The European Union has drawn up plans to categorise some natural gas and nuclear energy projects as “green” investments to help financial markets. The labelling system would cover industries that generate around 80 percent of all greenhouse emissions – and would give the bloc the power to determine what is regarded as sustainable economic activity.
It is also hoped the proposals will prevent so-called “greenwashing”, a term given to firms who overstate their eco-friendly credentials.
A number of EU countries, including Germany, Austria and Luxembourg, have voiced opposition to the proposals.
German economy minister Robert Habeck said: “It is questionable whether this greenwashing will even find acceptance on the financial market.
“In our view, there was no need for this addition to the taxonomy rules.”
Claude Turmes, Luxembourg’s energy minister, called the inclusion of nuclear power as a green source of energy as “provocation”.
Meanwhile, Leonore Gewessler, Austria’s minister for climate and energy, said Vienna may consider suing the European Commission if it goes ahead.
The move comes just months after world leaders agreed to try and keep the global temperature rise at 1.5C at the COP26 summit in Glasgow.
There was also a plan to reduce coal usage – but the commitment was watered down to “phase down” rather than “phase out” following an intervention from China and India.
READ MORE: Royal Family LIVE: Meghan and Harry ‘looking to sell’ California home
“The government’s position on nuclear energy remains unchanged. The government remains convinced that nuclear power cannot be classified as sustainable.”
EU states including the Czech Republic, Finland and France, get around 70 percent of its power from the nuclear power.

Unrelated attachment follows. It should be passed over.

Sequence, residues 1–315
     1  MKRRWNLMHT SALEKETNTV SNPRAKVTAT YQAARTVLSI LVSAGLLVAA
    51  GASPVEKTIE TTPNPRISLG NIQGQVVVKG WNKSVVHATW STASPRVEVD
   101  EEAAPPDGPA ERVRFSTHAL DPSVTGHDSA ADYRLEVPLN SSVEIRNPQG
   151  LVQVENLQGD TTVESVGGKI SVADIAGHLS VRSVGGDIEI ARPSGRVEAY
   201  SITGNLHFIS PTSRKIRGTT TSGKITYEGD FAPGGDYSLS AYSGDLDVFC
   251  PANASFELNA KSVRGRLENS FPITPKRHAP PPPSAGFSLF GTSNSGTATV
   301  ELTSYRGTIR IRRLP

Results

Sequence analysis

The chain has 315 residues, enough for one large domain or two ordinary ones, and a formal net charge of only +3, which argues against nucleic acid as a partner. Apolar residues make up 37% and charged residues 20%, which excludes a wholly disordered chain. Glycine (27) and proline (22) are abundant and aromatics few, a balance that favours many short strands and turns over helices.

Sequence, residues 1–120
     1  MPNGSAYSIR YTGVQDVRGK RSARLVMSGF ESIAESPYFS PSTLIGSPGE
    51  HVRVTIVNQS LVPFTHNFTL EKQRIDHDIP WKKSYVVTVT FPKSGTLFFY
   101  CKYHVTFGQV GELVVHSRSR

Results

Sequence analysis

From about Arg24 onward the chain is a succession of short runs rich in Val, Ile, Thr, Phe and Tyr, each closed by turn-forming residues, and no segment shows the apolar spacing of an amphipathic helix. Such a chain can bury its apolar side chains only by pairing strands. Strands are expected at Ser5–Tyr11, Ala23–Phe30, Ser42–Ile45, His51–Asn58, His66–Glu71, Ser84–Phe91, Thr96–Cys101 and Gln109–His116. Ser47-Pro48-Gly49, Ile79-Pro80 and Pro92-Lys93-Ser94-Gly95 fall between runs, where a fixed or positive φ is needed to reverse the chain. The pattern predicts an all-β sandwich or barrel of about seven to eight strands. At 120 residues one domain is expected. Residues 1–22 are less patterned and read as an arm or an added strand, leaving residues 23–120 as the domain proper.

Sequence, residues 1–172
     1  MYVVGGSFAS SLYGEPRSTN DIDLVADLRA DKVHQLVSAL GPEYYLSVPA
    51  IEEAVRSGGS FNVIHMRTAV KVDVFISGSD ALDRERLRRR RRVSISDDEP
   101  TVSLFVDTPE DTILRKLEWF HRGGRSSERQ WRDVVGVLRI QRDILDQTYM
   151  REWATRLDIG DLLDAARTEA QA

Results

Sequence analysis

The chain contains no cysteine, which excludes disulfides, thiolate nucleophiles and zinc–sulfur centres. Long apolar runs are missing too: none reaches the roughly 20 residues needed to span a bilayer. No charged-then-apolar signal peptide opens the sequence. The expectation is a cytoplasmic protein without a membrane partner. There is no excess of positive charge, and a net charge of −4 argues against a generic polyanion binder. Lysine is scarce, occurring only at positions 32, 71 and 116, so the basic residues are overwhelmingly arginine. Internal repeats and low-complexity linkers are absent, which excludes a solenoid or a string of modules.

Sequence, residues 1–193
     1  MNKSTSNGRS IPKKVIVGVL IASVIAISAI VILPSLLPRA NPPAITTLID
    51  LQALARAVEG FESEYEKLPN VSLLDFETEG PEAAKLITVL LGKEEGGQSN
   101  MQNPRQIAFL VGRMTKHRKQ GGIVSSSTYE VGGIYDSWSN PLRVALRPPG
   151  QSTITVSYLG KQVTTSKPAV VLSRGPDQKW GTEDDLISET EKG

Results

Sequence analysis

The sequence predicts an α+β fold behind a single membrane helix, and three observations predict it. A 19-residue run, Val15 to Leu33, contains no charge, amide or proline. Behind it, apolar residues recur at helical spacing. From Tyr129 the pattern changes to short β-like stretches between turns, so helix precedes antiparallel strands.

They see nuclear energy as playing a key role in reducing CO2 emissions from coal power.
The European Commission is expected to formally put forward proposals later this month on whether gas and nuclear projects will be included in the EU “sustainable finance taxonomy”.
According to a draft proposal, nuclear power plant investments would be labelled as green if the project has a plan, funds and a site to safely dispose of radioactive waste.
Investments in natural gas power plants would also be deemed green if they produce emissions below 270g of CO2 equivalent per kilowatt hour (kWh), replace a more polluting fossil fuel plant, and receive a construction permit by December 2030.
New nuclear plants must also receive construction permits before 2045.
If a majority of EU members back the proposal then it could become law as early as 2023.
In a statement, the European Commission said: “Taking account of scientific advice and current technological progress as well as varying transition challenges across member states, the Commission considers there is a role for natural gas and nuclear as a means to facilitate the transition towards a predominantly renewable-based future.”